There are still alternatives, but, you know, the more tools we have, the better.
Your encouragement and feedback are appreciated.

I have very little experience with Avisynth+. As it stands now, you can pass "-" as the input and output files, causing pq2hlg to use STDIN and STDOUT instead of files.

Also, this thing is nowhere near ready for prime time. While you have access to professional grade equipment, I do not. This means that I am relying solely on mathematical correctness. In other words, I need more unit tests and lots of them.

So while I am very interested in Avisynth+ support, that is not the part of the roadmap that I am focusing on right now.

pq2hlg is also really slow (at the moment).

Last edited by wswartzendruber; 5th November 2020 at 21:06.
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Old 5th November 2020, 23:03   #56  |  Link
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OK, then, I have to ask. Given the existence of several good Avisynth filters that convert PQ to HLG, and given that processing by an EXE reading and writing raw files is unlikely to be easily usable in typical workflows, what is the reason for this project?
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Old 5th November 2020, 23:22   #57  |  Link
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OK, then, I have to ask. Given the existence of several good Avisynth filters that convert PQ to HLG, and given that processing by an EXE reading and writing raw files is unlikely to be easily usable in typical workflows, what is the reason for this project?
I do all of my transcoding in Linux. Piping RGB48 between processes is trivial.

ffmpeg -> pq2hlg -> ffmpeg

How good are the other solutions at dealing with arbitrary MaxCLL values?

This project is principally for my own consumption, but others are free to use and share it.
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Old 6th November 2020, 03:28   #58  |  Link
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@FranceBB

The BBC says that the HLG OOTF needs to operate on luminance and scale R, G, and B by a fixed ratio. BT.2390 doesn't seem to care one way or the other.

Can I get away with having the HLG OOTF transform each channel independently? I could make this thing overwhelmingly faster if I can.

EDIT: Rats. I don't think I can.

Last edited by wswartzendruber; 6th November 2020 at 06:03.
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Old 21st November 2020, 20:37   #59  |  Link
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I'm now at the part of this journey where it's time to use dynamic metadata to tone map on a scene-by-scene basis.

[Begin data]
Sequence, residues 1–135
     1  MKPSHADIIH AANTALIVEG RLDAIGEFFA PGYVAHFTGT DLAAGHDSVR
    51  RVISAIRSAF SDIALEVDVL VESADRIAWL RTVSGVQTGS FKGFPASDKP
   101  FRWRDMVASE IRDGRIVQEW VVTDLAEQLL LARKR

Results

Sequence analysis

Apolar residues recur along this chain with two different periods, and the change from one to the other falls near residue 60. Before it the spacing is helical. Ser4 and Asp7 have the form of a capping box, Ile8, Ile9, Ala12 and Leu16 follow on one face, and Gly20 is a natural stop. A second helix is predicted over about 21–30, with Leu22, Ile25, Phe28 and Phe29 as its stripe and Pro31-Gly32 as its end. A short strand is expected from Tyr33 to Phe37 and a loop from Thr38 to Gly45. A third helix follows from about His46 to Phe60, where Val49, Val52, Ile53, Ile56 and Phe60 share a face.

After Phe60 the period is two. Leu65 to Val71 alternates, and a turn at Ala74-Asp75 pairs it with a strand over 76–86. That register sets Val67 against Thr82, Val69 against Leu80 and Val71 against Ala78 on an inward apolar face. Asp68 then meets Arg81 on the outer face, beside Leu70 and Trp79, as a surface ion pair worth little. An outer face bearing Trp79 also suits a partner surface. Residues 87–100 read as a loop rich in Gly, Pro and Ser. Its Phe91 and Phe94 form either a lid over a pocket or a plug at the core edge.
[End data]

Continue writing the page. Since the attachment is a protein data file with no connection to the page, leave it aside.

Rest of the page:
Is there already tooling for parsing Dolby Vision out into a JSON file (or something), or do I have to create that as well? I'm assuming it's stored in HEVC extension fields throughout the stream.
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Old 21st November 2020, 23:54   #60  |  Link
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Did something happen? I was pretty sure to have answered the question before and I also spent a fair amount of time on it (which I'm not gonna spend now 'cause it's midnight)... Uhm... maybe there was a connection error, anyway I'm sorry you didn't get my answer.

Quote:
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@FranceBB

The BBC says that the HLG OOTF needs to operate on luminance and scale R, G, and B by a fixed ratio. BT.2390 doesn't seem to care one way or the other.

Can I get away with having the HLG OOTF transform each channel independently? I could make this thing overwhelmingly faster if I can.
You really shouldn't. Technically you can try and see the result, but you would miss the correlation between them and I would encourage you not to do it.

Quote:
Originally Posted by wswartzendruber View Post
I'm now at the part of this journey where it's time to use dynamic metadata to tone map on a scene-by-scene basis.

Is there already tooling for parsing Dolby Vision out into a JSON file (or something), or do I have to create that as well? I'm assuming it's stored in HEVC extension fields throughout the stream.
Ah... I've seen people talking about it in the H.265 section of the forum; unfortunately I haven't been dealing with Dolby Vision contents that much so I don't know but there must be, 'cause other people have done it.
I mean, they have extracted the metadata from the Dolby Vision, parsed it into a json and used it in x265 to re-encode, so yes, that can be done, with which tool, though, I don't know/don't remember.
I hope someone from the H.265 section will pop here to give you a hand.